New York Philharmonic concert: Tribute to Secretary-General Ban Ki-moon & Welcoming Secretary-General-designate Antonio Guterres

As delivered

Opening remarks by H.E. Mr Peter Thomson, President of the 71st Session of the General Assembly, at New York Philharmonic concert to pay tribute to Secretary-General Ban Ki-moon and welcome Secretary-General-designate Antonio Guterres

14 October 2016

 

New York PhilharmonicSecretary-General,

Secretary-General-designate,

Excellencies,

Ladies and Gentlemen,

 

We are gathered for today’s concert in honour of Secretary-General Ban Ki-moon, and to welcome Secretary-General-designate Antonio Guterres.

What a privilege it is for us here in the General Assembly Hall to listen to the world-renowned New York Philharmonic, under the musical direction of Alan Gilbert.

I am told this is Mr. Gilbert’s last season as Music Director of the New York Philharmonic, thus it is a particular honour for me to thank you on behalf of us all.

Just two days ago, in this very hall, the General Assembly met to pay tribute to the outstanding tenure of Secretary-General Ban Ki-moon.

In moving detail, Member States spoke of the unwavering dedication with which Secretary-General Ban has led the United Nations over the last decade, through what has been a complex period in human history.

Member States spoke of the major global breakthroughs that he forged, agreements that will shape humanity’s place on this planet for generations to come.

I refer in particular to the Paris Agreement on Climate Change and the 2030 Agenda for Sustainable Development. As a universal masterplan for humanity, if fully implemented these agreements will end extreme poverty, increase prosperity, empower women and girls, build peaceful and inclusive societies, and combat climate change.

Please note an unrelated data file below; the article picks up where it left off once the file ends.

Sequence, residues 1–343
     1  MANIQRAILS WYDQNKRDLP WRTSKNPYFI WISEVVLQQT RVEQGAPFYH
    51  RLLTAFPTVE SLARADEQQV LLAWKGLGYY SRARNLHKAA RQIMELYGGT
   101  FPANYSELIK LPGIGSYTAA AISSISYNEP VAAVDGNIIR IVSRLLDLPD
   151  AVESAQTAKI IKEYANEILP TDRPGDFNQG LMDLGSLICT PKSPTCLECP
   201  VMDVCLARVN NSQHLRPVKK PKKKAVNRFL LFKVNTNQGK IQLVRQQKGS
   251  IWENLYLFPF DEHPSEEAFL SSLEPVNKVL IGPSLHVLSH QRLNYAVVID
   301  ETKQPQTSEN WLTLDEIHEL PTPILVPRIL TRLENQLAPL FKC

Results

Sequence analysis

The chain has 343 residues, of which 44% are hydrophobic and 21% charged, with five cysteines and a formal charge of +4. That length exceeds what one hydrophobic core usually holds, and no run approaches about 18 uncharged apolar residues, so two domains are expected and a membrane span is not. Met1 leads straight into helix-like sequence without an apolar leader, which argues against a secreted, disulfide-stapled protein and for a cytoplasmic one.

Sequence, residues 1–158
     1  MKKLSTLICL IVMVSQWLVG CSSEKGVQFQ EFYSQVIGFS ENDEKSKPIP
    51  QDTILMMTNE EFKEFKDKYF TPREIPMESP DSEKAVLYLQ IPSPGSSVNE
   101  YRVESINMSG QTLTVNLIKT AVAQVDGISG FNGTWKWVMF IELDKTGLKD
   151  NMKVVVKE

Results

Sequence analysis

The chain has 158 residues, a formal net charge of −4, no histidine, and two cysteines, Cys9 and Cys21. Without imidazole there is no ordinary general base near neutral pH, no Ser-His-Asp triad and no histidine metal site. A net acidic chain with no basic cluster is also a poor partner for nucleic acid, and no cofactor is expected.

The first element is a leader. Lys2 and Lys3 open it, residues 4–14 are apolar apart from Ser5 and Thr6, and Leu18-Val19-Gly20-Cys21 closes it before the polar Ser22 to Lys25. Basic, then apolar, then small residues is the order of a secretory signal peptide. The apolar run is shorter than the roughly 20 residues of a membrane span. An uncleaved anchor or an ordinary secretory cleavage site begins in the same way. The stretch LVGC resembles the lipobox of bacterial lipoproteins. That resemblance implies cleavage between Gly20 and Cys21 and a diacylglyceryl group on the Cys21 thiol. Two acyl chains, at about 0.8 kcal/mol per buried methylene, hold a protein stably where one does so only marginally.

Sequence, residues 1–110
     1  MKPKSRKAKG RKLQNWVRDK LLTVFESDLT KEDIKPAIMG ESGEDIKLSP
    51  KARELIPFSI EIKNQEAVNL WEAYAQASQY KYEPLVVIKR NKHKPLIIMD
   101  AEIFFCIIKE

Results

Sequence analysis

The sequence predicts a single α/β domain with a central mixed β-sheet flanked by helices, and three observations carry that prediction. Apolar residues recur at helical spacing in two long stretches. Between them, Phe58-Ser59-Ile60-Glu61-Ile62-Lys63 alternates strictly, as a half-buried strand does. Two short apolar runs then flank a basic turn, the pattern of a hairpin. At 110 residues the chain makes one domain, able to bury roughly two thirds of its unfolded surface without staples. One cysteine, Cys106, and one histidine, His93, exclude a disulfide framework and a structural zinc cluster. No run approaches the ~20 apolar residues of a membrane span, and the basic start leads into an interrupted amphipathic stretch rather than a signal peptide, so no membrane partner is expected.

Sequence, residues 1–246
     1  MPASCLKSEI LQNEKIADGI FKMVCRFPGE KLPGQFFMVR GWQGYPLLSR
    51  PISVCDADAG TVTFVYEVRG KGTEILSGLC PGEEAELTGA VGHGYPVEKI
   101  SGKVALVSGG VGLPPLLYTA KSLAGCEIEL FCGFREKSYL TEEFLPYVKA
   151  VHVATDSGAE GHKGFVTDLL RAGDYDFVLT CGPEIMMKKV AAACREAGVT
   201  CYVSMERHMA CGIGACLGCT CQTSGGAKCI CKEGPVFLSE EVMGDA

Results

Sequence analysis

The greatest tribute we can all give our departing Secretary-General is for us all to faithfully apply ourselves to implement the agreements he forged.

On Monday, the General Assembly also had the honour of witnessing Secretary-General-designate Guterres take his Oath of Office.

Mr. Guterres was selected as the next Secretary-General following a historically comprehensive selection process. He has demonstrated all the necessary qualities of leadership required for the job at hand and will enter office on January 1st on a huge wave of good will.

We also bid fond adieu at this time to the Deputy Secretary-General Jan Eliasson who in his long service to the United Nations has proven to be one of the truly great humanitarians of his generation.

As both Secretary-General Ban and Secretary-General-designate Guterres now embark on this period of transition, we wish both of them profound success for their journeys ahead.

For us in the General Assembly Hall today, this concert is an opportunity for both celebration and reflection, set to the evocative sound of Mozart’s Concerto in A major for Clarinet, and Beethoven’s Symphony No. 5.

Music overpowers linguistic, cultural, and geographic divides. It allows us entry to the spirit of our common humanity.

Thereby music becomes an instrument for building our peace, tolerance and understanding.

On behalf of the UN, I thank the New York Philharmonic for this afternoon’s performance, and thank Secretary-General Ban and Secretary-General-designate Guterres for their good service to world affairs.

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